What to Do After a Car Accident {Guest Post}

What to Do After a Car Accident {Guest Post}
by Angela Petteys


No matter how good of a driver you are, it’s still possible to end up in a car accident. Nobody ever leaves the house expecting to get into a car accident, but for thousands of people each year, that’s exactly what happens.

According to the Michigan Office of Highway Safety Planning, there were 312,172 reported car accidents in the state of Michigan in 2016. Since car accidents happen so unexpectedly, even a minor one can be extremely overwhelming.

After a car accident,

one of the best things you can do is try to stay calm. Car accidents are very startling so this isn’t always easy to do, but it’s important to remain in control of the situation and keep a clear mind so that you’re able to remember as many details as possible.

Next, you need to get an idea of how severe the accident is. Is it just a minor fender bender or was it serious enough to cause injuries to yourself or the passengers in your car? If you or one of your passengers is injured, call 911 immediately.

If you have any symptoms of an injury at all, even if they seem insignificant at the time, see a doctor ASAP. If you’re able to move your car, try to move the shoulder of the road or another safe location to avoid possibly being hit again. If your car has been damaged to the point that you’re not able to move it, turn on your hazard lights.

Once you’re sure it’s safe to get out of your car,

check on the occupants of the other car and call for medical attention if anyone needs it. When you talk to the driver of the other car, try to get as much information from them as possible, including their name, address, contact information, and license plate number. Just be careful not to say anything that might possibly be seen as admitting fault.

One thing you definitely don’t want to forget to get is the other driver’s insurance information. Car accidents in Michigan are handled a little differently than they are in most other states because Michigan is a no-fault state, meaning that each person involved in a car accident goes through their own insurance for any property damage or medical expenses.

But according to Goodwin & Scieszka,

there are some circumstances in which you can go after the other driver’s insurance for damages, so it might be good information to have, depending on what your exact situation is.

A lot of people are unclear about whether or not they need to file a police report after a car accident. Even when an accident seems minor, it’s still a good idea to report it to the police because it’s not always easy to judge the full extent of the damage or injuries right away.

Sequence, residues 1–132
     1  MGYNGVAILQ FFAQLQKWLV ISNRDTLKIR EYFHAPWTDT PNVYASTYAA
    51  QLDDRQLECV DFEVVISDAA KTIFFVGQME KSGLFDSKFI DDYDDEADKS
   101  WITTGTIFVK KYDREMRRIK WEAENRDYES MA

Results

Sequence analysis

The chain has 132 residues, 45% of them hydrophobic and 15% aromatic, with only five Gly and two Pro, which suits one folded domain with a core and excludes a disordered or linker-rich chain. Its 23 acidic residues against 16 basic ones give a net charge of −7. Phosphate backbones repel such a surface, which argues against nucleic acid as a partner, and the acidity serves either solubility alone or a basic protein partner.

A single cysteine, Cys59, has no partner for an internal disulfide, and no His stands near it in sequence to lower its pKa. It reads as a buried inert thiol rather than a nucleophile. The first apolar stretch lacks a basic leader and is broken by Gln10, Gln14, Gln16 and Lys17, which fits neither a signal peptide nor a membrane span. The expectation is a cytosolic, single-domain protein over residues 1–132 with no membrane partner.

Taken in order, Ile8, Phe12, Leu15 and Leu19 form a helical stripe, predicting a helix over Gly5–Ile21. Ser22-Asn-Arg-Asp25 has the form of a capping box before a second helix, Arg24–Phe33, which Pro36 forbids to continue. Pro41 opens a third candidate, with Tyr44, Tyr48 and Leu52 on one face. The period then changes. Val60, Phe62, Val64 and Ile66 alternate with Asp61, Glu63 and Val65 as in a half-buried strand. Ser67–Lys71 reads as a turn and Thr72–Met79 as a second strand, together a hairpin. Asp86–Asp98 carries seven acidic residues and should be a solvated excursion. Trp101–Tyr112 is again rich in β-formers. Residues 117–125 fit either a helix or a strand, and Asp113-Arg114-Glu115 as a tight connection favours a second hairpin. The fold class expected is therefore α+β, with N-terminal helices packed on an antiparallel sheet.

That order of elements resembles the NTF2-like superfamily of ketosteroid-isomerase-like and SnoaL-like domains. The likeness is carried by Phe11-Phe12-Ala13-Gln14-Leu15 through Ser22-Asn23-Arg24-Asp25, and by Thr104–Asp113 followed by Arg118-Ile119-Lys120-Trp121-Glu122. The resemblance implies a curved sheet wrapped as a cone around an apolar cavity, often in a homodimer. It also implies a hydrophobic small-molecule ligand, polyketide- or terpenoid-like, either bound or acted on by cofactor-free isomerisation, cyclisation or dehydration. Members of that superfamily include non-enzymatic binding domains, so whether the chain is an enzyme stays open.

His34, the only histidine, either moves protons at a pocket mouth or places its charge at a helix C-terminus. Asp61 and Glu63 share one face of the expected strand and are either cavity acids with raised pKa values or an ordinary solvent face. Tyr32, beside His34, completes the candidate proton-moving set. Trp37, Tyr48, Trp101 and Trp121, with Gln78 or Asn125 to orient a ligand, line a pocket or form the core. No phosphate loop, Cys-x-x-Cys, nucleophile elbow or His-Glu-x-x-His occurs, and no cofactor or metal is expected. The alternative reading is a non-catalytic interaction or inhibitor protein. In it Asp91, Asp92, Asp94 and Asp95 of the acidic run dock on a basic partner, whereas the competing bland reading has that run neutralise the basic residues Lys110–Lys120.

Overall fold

Depending on how busy the police are, they might not be able to come to the scene of a car accident that doesn’t involve any injuries or a significant amount of property damage. Even if an officer isn’t able to come out to take a report, you can still go to the police station and make a report after the fact.

While you’re still at the scene,

try to record as many details as possible. Pictures and/or videos can be very important to have, but don’t forget to document things like exactly where the accident occurred, when it happened, and even what the weather conditions were like.

If there are any witnesses nearby, get their contact information. Some auto insurance companies now have mobile apps that include tools to help record information at the scene of an accident. Don’t worry about taking too many notes — this is a situation where it’s better to have the information you don’t need than it is to find out later that you’re missing an important bit of information.

Once all these initial steps have been taken care of,

immediately notify your insurance company about the accident. If you were injured, be sure to keep detailed records of things like which doctors you see, the treatment you receive, and any medications you take.

If you were injured to the extent that you want to file a lawsuit against the other driver’s insurance company, remember that in the state of Michigan, you have three years to file your suit.

Seeking legal advice

In the majority of cases, car accidents are caused by driver error. If you have been injured in a collision and you were not at fault, you have the right to take legal action.

Compensation is awarded to individuals who sustain injuries as a result of negligence on the part of others. Financial compensation can help to cover the cost of medical care and rehabilitation, and it can also bridge gaps if you are unable to work or your income drops.

You can learn more about compensation by meeting with experienced personal injury lawyers. Look for a firm that specializes in road accidents and read testimonials.

Ask for recommendations, take the opportunity to talk to firm representatives, and make sure you understand the fees and charges before you proceed. It’s worth taking your time to research and compare different practices before you decide which firm is best for you.


Author Bio:

Angela Petteys is a writer and lifelong resident of the Metro Detroit area. In addition to writing, she also enjoys gardening, antiquing, and exploring new places around Michigan.


*Photo courtesy of Traffic Digital Agency

Cynthia Tait

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